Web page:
Kostenki Venus


Venus figurine from Kostenki

Photo: http://vantit.ru/antiquities/908-venera-iz-kostenok.html




Kostenki Venus no 6


Venus figurine from Kostenki 1.

Abramova (1962) identifies this as Number 6 from Kostenki 1.

Photo: Abramova (1962)




golfballhead.jpg
Head of a venus known popularly as the golf ball. From the Kostenki I site in Russia. The real basket headware was made of plaited starts and coiled basketry, copied here in stone.

Photo: http://www.unl.edu/rhames/212/venus/venus_string.html

Dr Soffer
Dr. Olga Soffer examining the "golf ball" head of the Venus of the Kostenki I site in Russia.

"Because they have emotionally charged thingies like breasts and buttocks, the Venus figurines have been the subject of more spilled ink than anything I know of," Dr. Soffer said.

"There are as many opinions on them as there are people in field."

Text and Photo: http://www.hort.purdue.edu/newcrop/history/lecture02/r_2-1.html


Kostenki Venus Kostenki Venus Kostenki Venus




These are photographs of the original in the Hermitage Museum at St Petersburg, Russia.

Photo: Vladimir Gorodnjanski 2007




Kostenki golf ball Venus

Large head made of marl from Kostenki I.

Left, right profile; centre, left profile; right, superior view.

Photo: Soffer et al. (2000)




Lion head and bison

Animal head (possibly a cave lion head), and two bison figurines from Kostenki 4.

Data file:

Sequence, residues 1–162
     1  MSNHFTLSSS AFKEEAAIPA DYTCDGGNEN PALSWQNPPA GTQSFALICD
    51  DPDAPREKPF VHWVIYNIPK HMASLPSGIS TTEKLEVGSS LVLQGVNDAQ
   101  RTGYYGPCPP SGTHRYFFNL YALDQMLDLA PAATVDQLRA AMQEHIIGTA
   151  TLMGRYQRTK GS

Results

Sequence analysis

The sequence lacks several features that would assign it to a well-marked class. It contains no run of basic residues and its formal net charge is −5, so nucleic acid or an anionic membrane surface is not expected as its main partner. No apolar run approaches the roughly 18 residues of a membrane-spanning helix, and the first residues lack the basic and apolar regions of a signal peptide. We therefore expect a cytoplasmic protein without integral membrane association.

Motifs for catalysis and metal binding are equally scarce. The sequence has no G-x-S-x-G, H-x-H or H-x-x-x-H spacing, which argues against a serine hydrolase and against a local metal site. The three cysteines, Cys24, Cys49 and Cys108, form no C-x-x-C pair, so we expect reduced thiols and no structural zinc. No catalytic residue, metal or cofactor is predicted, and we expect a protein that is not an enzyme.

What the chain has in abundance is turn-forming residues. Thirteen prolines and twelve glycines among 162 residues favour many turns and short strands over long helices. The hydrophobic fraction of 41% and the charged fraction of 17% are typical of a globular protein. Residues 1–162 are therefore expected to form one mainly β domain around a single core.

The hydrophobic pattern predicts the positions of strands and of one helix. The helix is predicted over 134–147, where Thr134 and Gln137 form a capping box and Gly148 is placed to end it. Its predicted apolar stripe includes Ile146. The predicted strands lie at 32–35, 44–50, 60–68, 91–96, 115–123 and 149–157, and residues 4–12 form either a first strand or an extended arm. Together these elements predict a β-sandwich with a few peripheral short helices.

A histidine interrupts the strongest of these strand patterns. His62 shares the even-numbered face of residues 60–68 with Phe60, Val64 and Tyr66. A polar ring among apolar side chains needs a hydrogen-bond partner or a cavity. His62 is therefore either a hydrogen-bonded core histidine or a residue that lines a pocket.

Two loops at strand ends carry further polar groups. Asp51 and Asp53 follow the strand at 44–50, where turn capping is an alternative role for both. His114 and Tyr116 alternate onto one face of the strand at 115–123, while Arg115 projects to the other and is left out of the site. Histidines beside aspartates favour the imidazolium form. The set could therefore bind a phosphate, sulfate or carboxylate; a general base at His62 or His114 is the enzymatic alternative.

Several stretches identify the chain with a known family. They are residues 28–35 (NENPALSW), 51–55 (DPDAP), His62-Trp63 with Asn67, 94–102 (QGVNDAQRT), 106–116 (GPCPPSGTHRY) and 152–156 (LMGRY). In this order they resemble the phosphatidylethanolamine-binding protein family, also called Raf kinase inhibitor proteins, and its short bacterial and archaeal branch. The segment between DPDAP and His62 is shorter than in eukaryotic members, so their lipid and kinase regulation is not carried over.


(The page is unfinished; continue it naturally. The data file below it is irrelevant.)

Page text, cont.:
Photo: Abramova (1995)




References

  1. Abramova Z., 1962: Paleolitičeskoe iskusstvo na territorii SSSR, Moskva : Akad. Nauk SSSR, Inst. Archeologii, 1962
  2. Abramova Z., 1995: L'Art paléolithique d'Europe orientale et de Sibérie., Grenoble: Jérôme Millon.
  3. Cohen C., 2003: La femme des origines. Images de la femme dans la préhistoire occidentale,, Paris, Belin-Herscher, 2003, 191 pages.
  4. Soffer O., Adovasio J., Hyland D., 2000: The 'Venus' Figurines - Textiles, Basketry, Gender, and Status in the Upper Paleolithic, Current Anthropology Volume 41, Number 4, August–October 2000
  5. Rau, S., Naumann D., Barth M., Mühleis Y., Bleckmann C., 2009: Eiszeit: Kunst und Kultur, Thorbecke, 2009, 396p. ISBN: 978-3-7995-0833-9



Kostenki
Kostenki on the Don River is a very important Paleolithic site. It was a settlement which contained venus figures, dwellings made of mammoth bones, and many flint tools and bone implements.

Back to Venus figures from the Stone Age